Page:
"Your teachers were patient, nurturing and respectful," he said. "Take that lesson and pass it on to others you encounter in your lives. And remember the 'Yes, You Can' rule: Life is tough, but you learn from your mistakes and move forward."
"You learned that your teachers were willing to help you and, through your efforts, you're graduating today," continued Oliver. Choking up, he said, "You're leaving here as a family member — and part of a family who loves you. You've helped to make Mountain View the finest school in Fairfax County."
THE STUDENTS responded with thunderous applause, as they also did for the four student speakers who told their stories. Manny Magana-Rosas, the 27-year-old graduate, spoke first. "When I came here from El Salvador, they told me I was too old for school," he said. "But they sent me to Mountain View."
However, his beloved grandmother died a few days after school started and, grief-stricken, he left and moved away. He later returned, but dropped out again to go to work. Finally, in 2003, he returned to Mountain View for good.
"It was very hard to come into a class with kids half my age," said Magana-Rosas. "I was 25 and ashamed of it. But I was gonna prove to everyone I could do it." His aunt gave him a home and, introducing her to the crowd, he said, "She's my inspiration. And all I can say is, I'm 27 — almost 28 — and I did it." Planning a career in pediatric nursing, he said it feels great to graduate, and he happily discovered "it's never too late to learn."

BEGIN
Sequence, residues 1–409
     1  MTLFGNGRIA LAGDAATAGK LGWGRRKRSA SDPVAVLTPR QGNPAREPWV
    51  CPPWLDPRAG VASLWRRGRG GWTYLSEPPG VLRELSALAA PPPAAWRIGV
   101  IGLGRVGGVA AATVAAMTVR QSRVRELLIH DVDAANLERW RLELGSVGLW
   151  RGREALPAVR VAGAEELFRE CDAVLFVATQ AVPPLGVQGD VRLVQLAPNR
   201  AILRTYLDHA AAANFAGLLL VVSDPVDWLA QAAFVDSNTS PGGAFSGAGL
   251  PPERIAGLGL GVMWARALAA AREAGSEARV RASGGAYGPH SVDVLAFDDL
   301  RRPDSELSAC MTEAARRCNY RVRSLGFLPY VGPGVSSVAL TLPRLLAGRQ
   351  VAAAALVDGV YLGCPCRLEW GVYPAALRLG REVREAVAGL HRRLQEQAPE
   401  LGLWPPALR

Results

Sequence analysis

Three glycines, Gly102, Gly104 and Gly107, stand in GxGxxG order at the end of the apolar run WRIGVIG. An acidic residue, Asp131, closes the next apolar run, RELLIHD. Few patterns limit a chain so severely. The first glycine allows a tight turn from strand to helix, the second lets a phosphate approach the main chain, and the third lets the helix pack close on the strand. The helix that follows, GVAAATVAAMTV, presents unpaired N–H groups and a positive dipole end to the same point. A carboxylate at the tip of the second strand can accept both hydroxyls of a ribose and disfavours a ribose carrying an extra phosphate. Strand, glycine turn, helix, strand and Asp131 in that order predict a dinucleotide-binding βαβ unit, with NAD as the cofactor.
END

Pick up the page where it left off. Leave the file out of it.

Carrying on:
Next came Tiffany Region of Centreville's Sully Station community. She told her classmates, "The one thing we all have to remember is we didn't do it alone." But when she first came to the school, she said, "I was 15, pregnant and alone." Then Lisa Harbitter, an outside mentor, came to her aid.
"She's my mentor, my friend, my teacher and someone always there for me," said Region. "She's my second mom, and my daughter Halie is Lisa'a first granddaughter. And it's nice to know that, 10 years from now, she'll still care about me."
"I never expected to have a daughter at age 15," continued Region. "But Lisa has shown me that Halie is the best reason to keep fighting for my dreams and my motivation for having them. I'm now 16 and Halie is 1, and my mentor has changed my life."
Prince Essel-Mensah said hard work was responsible for his being able to graduate. "Education is the key to success," he said. "Graduation is the beginning of a new life where your aspirations can be put to the test."
AT MOUNTAIN VIEW, he achieved a 3.7 GPA, made the honor roll and won several awards. "I gained the experience of working hand-in-hand with a very diverse group, and I couldn't have done it without all the words of encouragement from the students, teachers, principal and staff," he said. "I will always cherish the memories I have of this prestigious school."
Little Rocky Run's Grace Aguilera said Mountain View helped her in ways she couldn't have imagined. And when she became overcome with emotion during her speech, pausing as tears spilled from her eyes, a girl from the audience cried out, "Grace, you can do it!"
Once a troublemaker who eventually got kicked out of school, Aguilera is now college-bound to become a nurse. She came to Mountain View and "saw that students were treated with the same respect as teachers. There weren't any cliques and, here, you could be an individual. At Mountain View, I realized school was my priority. And if it hadn't been for my mother, I wouldn't be where I am today."
Aguilera received a Citizenship Award, along with James Freeze and Lacy Meyer. Personal Achievement Awards went to Megan Borkowski, Roxana Cuevas Chacon, Lourdes Flores, Jose Gomez, Sarah Pace and Virakchit Pin. And receiving Faculty Awards were Prince Essel-Mensah and Tyrone Davis.
Afterward, Principal Oliver was like a proud father happy that his children turned out so well. "It's a very special place," he said. "And at graduation, you can truly feel the love of the Mountain View family. There wasn't a dry eye in the house. To see these kids that at one time had to struggle, blossom and graduate, is a really wonderful feat."